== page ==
Why The Dollar Poses A Global Headache 4: More Isn’t Better
Since, in general, only American banks can access the Fed’s liquidity programs, like the SRF and the Reverse Repo overnight facility, the rest of the world is left with no way to raise the Dollars they so desperately need.
Which is where foreign central banks step in by selling their foreign reserves to provide their local banking systems with Dollars – but having more reserves isn’t necessarily better.
While this sounds like a workable solution, it comes with two major caveats.
The first being that, generally, only central banks which intervene in the currency market to manage their domestic currency’s value versus the USD will have foreign reserves.
After all, if they aren’t actively buying or selling Dollars in the market, then the central bank probably won’t have Dollars on its balance sheet; at least not in the large amounts needed.
The second caveat is more difficult to grasp. While intuitively it might seem as if having more foreign reserves is desirable, since it means that a central bank can provide more USDs to its domestic banking system in times of crisis, the inverse is true.
Having more foreign reserves is not a good position to be in, simply because it means the country’s economy is extremely reliant on USD inflows.
Think about it for a minute – a foreign central bank can only amass large amounts of foreign reserves if it keeps intervening in the currency market.
Since most of these interventions involve them purchasing Dollars (hence their large pile of them), it means that the central bank has been very active in taking in USDs, in exchange for domestic currency at a rate they deem is beneficial for their economies. (Central banks who do this tend to intervene to keep their currencies weaker versus the Dollar.)
This in turn implies that the domestic economy is bringing a lot of USDs back home, and/or a lot of foreign investors are exchanging their USDs for domestic currency in order to invest in the country. When USD inflows from these two sources dry up, the domestic economy suffers.
The first scenario would come about due to falling foreign demand for whatever products domestic companies export. And the second from foreigners no longer investing their capital in the country due to domestic or global economic uncertainty.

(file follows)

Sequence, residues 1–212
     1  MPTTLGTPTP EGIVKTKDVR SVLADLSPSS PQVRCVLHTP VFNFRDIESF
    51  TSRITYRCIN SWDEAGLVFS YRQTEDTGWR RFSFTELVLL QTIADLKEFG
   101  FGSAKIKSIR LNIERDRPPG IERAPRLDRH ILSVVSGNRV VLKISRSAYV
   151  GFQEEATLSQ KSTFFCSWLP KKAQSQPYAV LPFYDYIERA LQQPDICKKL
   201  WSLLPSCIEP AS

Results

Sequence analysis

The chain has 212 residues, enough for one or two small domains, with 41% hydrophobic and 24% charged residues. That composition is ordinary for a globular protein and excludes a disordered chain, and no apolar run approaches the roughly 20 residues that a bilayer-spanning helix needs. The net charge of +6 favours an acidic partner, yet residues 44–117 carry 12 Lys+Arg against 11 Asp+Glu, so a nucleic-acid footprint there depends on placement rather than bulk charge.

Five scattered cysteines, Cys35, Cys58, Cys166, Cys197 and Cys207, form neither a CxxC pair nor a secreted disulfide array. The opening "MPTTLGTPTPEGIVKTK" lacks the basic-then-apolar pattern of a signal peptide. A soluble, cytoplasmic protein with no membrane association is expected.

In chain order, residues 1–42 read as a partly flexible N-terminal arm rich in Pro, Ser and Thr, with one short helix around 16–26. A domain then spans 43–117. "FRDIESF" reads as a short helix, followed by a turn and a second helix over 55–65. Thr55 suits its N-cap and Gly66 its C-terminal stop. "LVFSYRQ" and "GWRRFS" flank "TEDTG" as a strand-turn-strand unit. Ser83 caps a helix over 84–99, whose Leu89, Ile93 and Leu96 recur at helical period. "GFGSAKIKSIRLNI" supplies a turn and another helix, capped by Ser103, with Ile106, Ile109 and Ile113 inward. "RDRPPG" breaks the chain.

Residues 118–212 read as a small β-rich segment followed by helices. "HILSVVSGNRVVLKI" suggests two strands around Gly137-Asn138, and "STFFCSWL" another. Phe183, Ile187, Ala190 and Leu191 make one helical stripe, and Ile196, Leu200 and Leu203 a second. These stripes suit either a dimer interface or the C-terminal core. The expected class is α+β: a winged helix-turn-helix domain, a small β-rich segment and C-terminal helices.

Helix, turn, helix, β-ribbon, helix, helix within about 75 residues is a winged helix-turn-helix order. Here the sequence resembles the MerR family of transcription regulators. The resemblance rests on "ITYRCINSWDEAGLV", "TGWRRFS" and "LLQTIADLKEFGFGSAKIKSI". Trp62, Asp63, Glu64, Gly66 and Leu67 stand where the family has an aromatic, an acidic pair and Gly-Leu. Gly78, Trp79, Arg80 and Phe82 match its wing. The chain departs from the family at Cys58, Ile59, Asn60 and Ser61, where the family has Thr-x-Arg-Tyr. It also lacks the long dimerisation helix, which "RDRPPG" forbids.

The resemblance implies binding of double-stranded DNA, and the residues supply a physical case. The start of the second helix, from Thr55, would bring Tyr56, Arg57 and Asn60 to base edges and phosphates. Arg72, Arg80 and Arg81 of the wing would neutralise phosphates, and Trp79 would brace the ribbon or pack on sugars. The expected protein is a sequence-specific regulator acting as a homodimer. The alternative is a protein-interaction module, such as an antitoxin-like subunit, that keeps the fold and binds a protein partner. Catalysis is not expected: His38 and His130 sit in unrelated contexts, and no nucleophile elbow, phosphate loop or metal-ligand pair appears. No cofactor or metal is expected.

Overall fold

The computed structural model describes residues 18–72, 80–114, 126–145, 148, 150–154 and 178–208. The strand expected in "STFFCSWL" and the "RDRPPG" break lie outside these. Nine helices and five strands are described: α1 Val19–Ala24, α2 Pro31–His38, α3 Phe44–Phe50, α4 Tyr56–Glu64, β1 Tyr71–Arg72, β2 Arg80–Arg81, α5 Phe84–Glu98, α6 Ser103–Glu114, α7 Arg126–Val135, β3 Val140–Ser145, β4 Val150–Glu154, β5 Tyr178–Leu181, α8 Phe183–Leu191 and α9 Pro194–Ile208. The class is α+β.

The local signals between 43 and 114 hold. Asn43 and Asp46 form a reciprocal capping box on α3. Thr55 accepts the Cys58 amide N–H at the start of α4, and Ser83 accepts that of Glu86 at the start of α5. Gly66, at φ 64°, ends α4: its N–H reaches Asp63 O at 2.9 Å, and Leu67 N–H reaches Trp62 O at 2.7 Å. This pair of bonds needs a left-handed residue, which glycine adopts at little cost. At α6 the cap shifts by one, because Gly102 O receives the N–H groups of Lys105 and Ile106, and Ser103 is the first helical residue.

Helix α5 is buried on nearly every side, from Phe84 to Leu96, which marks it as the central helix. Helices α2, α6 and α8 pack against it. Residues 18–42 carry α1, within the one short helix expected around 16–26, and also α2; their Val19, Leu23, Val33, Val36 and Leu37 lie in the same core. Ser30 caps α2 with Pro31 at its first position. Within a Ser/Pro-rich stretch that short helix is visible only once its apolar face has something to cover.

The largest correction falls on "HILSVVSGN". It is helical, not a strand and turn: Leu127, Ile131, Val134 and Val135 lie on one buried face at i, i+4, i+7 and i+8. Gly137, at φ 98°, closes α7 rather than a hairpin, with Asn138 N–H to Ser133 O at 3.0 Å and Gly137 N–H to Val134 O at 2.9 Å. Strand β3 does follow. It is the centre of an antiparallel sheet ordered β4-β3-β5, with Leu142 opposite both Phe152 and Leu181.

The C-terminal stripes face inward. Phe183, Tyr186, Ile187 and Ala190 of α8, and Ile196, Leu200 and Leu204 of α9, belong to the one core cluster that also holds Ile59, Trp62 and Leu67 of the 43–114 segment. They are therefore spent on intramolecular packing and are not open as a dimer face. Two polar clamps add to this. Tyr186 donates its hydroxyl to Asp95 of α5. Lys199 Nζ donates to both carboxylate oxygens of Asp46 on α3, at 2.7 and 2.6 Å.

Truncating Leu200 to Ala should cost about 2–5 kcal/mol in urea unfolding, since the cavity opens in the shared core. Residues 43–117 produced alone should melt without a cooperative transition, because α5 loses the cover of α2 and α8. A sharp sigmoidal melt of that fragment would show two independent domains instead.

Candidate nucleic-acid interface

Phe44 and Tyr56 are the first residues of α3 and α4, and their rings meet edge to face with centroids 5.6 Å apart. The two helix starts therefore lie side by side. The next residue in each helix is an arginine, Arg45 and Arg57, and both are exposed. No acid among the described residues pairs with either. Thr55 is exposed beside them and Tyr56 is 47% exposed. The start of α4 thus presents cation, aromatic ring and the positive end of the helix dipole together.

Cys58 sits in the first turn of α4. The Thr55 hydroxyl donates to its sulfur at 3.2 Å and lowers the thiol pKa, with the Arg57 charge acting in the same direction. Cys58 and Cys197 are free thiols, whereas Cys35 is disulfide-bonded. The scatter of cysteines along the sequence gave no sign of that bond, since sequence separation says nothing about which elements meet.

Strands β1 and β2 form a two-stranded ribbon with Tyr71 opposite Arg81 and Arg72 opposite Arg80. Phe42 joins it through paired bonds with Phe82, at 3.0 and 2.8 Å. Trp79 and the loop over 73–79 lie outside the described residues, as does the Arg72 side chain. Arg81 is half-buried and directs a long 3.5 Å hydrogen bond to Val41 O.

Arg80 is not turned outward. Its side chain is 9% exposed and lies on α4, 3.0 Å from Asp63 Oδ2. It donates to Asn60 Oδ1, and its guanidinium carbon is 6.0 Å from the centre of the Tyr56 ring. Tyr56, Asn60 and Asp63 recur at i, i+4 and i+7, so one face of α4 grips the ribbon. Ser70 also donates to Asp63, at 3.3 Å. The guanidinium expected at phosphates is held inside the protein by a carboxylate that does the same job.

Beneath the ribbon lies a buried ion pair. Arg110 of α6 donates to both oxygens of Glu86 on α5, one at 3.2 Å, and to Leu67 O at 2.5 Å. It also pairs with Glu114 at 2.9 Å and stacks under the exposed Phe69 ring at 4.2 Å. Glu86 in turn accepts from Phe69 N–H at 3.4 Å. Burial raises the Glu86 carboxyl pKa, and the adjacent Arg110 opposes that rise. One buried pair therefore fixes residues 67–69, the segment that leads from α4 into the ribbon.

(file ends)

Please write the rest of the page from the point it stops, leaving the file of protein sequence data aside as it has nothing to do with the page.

Good examples of these include Southeast Asian economies in the lead up to 1997’s crisis, and China just before 2008. It is important to note that Southeast Asia, China, and Emerging Markets more broadly are still mostly oriented towards exports and attracting foreign direct investment today, but to a lesser degree than they were prior to those two crises.
Even so, as March 2020 so clearly showed, economies all around the world, even those considered to be “developed” markets, are vulnerable to USD funding markets drying up.
Dollar liquidity matters greatly to the global economy, and a country can be more or less reliant on USD inflows to drive economic growth. But, no country can really avoid using, and therefore being exposed to, the Dollar.
Consequently, the more foreign reserves a country has, the more its economy is reliant on USD inflows and funding.
When sources of these inflows and funding dry up overnight, such a country will find itself not only unable to pay its USD liabilities, but also deprived of the foreign USD based investment that was driving its growth.
Put simply – its economy collapses.
To be continued…
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